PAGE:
Psychophysics of reading and illumination needs during reading in visually impaired subjects with age-related macular degeneration
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- Institutt for fysikk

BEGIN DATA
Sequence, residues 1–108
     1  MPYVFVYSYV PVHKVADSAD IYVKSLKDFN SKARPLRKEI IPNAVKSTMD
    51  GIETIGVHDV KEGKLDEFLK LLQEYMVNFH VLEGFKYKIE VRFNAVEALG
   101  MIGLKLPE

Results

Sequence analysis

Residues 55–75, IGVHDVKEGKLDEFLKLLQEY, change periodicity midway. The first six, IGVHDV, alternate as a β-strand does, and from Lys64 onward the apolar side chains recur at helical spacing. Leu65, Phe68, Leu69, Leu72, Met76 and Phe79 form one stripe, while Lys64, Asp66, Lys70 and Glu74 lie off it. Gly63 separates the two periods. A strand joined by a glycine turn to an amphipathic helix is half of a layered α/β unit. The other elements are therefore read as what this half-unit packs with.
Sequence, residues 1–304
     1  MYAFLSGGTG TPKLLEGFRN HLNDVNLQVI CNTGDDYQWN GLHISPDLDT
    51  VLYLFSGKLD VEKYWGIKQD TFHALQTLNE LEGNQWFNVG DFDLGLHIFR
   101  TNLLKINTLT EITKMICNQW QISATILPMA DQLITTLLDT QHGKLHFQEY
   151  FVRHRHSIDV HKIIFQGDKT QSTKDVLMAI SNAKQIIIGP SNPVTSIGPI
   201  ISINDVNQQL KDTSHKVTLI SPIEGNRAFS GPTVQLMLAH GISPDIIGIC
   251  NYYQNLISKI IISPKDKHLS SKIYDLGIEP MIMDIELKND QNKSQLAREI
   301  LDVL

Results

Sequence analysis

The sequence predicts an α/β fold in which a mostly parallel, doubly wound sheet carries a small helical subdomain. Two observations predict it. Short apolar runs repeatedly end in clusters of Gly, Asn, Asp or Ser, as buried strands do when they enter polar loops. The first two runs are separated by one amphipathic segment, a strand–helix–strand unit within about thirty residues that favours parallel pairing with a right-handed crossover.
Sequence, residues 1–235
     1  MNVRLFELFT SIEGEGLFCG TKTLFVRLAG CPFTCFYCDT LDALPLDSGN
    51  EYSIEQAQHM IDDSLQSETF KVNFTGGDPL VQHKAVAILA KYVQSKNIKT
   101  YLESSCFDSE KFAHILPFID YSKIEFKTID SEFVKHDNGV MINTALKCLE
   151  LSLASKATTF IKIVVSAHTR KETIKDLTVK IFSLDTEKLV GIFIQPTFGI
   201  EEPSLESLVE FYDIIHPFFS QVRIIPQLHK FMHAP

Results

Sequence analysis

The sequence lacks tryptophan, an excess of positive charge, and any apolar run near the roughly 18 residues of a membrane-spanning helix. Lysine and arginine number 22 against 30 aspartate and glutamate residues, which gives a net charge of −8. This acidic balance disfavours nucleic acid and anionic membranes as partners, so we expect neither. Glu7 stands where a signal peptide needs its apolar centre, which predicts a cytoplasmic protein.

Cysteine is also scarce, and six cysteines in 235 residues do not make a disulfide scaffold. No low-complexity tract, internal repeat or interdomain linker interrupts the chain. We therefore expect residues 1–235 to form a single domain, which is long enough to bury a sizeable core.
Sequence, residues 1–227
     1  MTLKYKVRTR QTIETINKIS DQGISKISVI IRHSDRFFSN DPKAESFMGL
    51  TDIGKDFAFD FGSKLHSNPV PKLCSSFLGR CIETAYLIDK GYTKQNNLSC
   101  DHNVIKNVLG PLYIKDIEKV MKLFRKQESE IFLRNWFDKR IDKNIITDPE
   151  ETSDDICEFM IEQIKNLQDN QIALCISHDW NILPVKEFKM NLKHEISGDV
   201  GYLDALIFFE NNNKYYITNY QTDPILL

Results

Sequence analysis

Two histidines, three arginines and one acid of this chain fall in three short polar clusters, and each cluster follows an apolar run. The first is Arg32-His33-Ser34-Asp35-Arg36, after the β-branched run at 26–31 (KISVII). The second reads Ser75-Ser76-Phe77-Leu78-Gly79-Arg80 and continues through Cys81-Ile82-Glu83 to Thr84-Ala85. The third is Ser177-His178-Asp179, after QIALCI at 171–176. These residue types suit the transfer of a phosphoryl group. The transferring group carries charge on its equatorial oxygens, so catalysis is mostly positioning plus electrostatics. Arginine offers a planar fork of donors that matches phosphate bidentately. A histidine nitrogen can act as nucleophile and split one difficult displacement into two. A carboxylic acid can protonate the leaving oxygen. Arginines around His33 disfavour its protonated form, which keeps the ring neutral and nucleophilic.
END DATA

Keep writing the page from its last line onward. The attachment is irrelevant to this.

The primary aim of this study was to contribute to a better understanding of how we can optimize reading conditions for subjects with age-related macular degeneration (AMD). In order to achieve this goal, we have developed a new test, The Tambartun Oral Reading Test which was used as an assessment tool during the reading experiments. All subjects were tested with a number of psychophysical tests, such as different types of visual acuity tests and contrast sensitivity tests, and the results were correlated with reading performance. For each subject, we measured acuity, reading speed, and reading comfort as a function of luminance. The AMD-subjects underwent thorough medical and optometric examinations. Initially, 22 subjects with AMD were referred to the study. Only 13 subjects, classified as visually impaired, met the strict selection criteria. The relatively low number of participants calls for caution when interpreting the data. However, since we restricted our study to patients with a “pure” AMD diagnosis, with no other ailments, we believe the data are likely to give a good indication of the variation one can expect to find within this patient group. For most subjects, letter visual acuity and grating visual acuity improved with increasing retinal illuminance, but not in proportion with one another. For AMD-subjects whose letter acuity was above or equal to 0.2 (minutes of arc)-1, the two acuity measures converged at relatively high light levels, while for AMD-subjects with letter visual acuity below 0.2, grating acuity was always considerably higher than letter acuity. This dichotomy demonstrates that grating acuity cannot be equated with letter acuity. This conclusion is of importance whenever acuity is used as a criterion to classify the visually impaired with regard to their legal and social status, for instance in non-communicative elderly subjects with AMD. Compared with a control group of normally sighted individuals, luminance contrast sensitivity was markedly reduced, particularly at the higher spatial frequencies. Unlike the control group, many of the AMD-subjects showed reduced binocular contrast summation or binocular inhibition for a narrow or extended frequency band. Among all visual functions tested, including letter acuity and grating acuity, luminance contrast sensitivity correlated best with reading speed. For most AMD-subjects, maximum contrast sensitivity - measured in terms of combined cone modulations - was about the same for achromatic gratings and isoluminant red-green gratings. The higher contrast sensitivity to red-green colour differences over achromatic differences, observed in subjects with normal vision, has somehow been lost in AMD-subjects. For all subjects it was possible to identify both the optimal light level, as well as a larger, but still satisfactory, range of light levels for reading. While the mean reading speed for the normally sighted age-matched control group was relatively constant at photopic light levels, the variation was much larger within the AMD group. All AMD-subjects achieved best reading performance for luminance levels above 80 cd/m2. Seven participants obtained maximum reading speeds for a luminance value of between 80 and 400 cd/m2. Five participants had a maximum reading rate for luminances that were equal to or higher than 300 cd/m2. The last of the 13 participant never achieved functional reading, since her maximum reading speed never exceeded 15–20 words per minute. For some of the AMD-subjects, the light levels at which maximum near letter visual acuity was obtained could serve as an indicator of lighting needs during reading. For others, this was a less reliable guide for determining lighting needs. Self reports of light preferences were thus needed as a supplement to objective measurements. Such evaluations should be included in test procedures. In conclusion, we have found that it is possible to optimize reading conditions for the AMDsubjects by charting individual needs and conducting thorough psychophysical measurements. Guidelines are proposed for assessments and practical rehabilitation measures, and recommendations are offered for future studies.